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Fw: The Traveling Writer: When Blogging Takes Away from Writing

From: Eileen Batson: Biz D.
Sent on: Monday, August 1, 2011 9:19 AM
Wanted to share this post by author and blogger Alexis Grant.

Stay cool!
Eileen Batson | Raleigh, NC | T:[masked]  C:[masked]
Batson Group Marketing and PR     Personal and Corporate Gift Solutions  Think Ink Workshops
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----- Forwarded Message -----
From: The Traveling Writer <[address removed]>
To: [address removed]
Sent: Monday, August 1,[masked]:07 AM
Subject: The Traveling Writer: When Blogging Takes Away from Writing

The Traveling Writer

The Traveling Writer: When Blogging Takes Away from Writing

Posted: 01 Aug[masked]:00 AM PDT
Before we get to today’s post, I’d like to introduce you to this month’s sponsor, Lisa Romeo. Not only does she have an awesome blog, she also offers coaching, editing, and two online classes this fall, Writing Bootcamp and Memoir/Creative Nonfiction Writing. I can vouch for these because a friend has taken two classes with Lisa and loved both. Consider her if you want to enhance your craft or polish your manuscript!
A woman in our Travel Memoir Writers Facebook group recently brought up the question that never dies: Does she really need to grow a blog? Won’t it take away from her writing?
Yes, and yes.
To write or to blog?
Countless times I’ve sat down at my computer at 8 p.m. after a long day at work, knowing I had to choose. Should I work on the blog or the book?
It’s a Catch-22: Our main goal is to publish the book, and to accomplish that we have to finish it. But to sell the book, we need a platform, and the most feasible way for most of us to grow that is through a blog. We want to make the book a priority, but we’ll need a platform to sell it, which means we can’t wait until we finish the book to start growing a blog.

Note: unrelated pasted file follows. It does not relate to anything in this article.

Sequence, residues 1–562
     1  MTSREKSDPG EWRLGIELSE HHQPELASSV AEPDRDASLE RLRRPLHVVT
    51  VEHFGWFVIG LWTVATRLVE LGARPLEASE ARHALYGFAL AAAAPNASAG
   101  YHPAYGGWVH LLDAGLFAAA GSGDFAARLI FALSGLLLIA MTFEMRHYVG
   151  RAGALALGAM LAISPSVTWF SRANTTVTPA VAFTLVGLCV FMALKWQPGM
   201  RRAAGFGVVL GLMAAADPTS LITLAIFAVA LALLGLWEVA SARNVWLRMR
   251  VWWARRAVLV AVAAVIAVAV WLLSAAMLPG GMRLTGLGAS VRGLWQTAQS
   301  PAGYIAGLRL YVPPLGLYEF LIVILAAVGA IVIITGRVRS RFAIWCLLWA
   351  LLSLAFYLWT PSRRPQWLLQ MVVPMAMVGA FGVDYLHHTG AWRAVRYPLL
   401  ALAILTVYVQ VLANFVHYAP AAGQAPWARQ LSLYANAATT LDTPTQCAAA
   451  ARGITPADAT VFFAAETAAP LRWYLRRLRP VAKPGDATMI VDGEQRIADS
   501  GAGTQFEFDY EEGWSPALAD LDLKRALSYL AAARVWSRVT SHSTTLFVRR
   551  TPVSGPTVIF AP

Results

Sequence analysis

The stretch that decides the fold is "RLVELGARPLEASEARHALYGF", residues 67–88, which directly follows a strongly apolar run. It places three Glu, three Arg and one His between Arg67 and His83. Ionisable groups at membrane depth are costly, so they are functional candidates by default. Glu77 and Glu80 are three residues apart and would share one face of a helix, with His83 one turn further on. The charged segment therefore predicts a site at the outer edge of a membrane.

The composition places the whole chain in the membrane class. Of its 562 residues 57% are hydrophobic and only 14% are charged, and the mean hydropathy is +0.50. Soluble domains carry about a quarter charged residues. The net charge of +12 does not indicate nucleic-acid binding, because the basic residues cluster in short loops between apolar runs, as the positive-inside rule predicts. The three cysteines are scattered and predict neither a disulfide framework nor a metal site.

Is anyone else pulling their hair out?
For many writers, though a blog eventually becomes far more than a marketing tool. It helps us improve our craft. It’s an avenue through which to meet interesting people. A way to put the ideas and insights that bounce around in our heads to good use. And it also serves as a prism through which to see the world, because writing about goals and lessons and what’s important in life reminds us how we want to live.
Yet for all the greatness this blog has brought into my life, I have no doubt I would’ve finished writing and editing and revising my manuscript if I hadn’t also put time into growing this blog. The hard truth is that each of us have only so many hours each day, and while we can always make time for our priorities, time is still limited.
So how can writers find the right balance between working on the manuscript and growing the blog? That’s what I’m hoping we can discuss today.
I tend to give precedence to my three blog posts each week, and then, feeling untethered because that’s done, move onto the manuscript. The problem is that a blog offers so much more immediate gratification than a manuscript. I can literally watch my subscribers grow (about to hit the 500 mark!), interact with readers in the comments and track page views. That feeling of accomplishment is far more difficult to come by with a manuscript, since it can take years to write and sell a book.
For me, that means I have to really push through on the manuscript, looking forward to times like now when it’s off my plate, in my agent’s hands, and I can focus on the blog. Other writers seem to have the opposite problem and loathe growing a blog community, so they have to force themselves to take time out from the manuscript to post online.
How do you strike a balance?
Photo credit: Flickr’s Mike Licht
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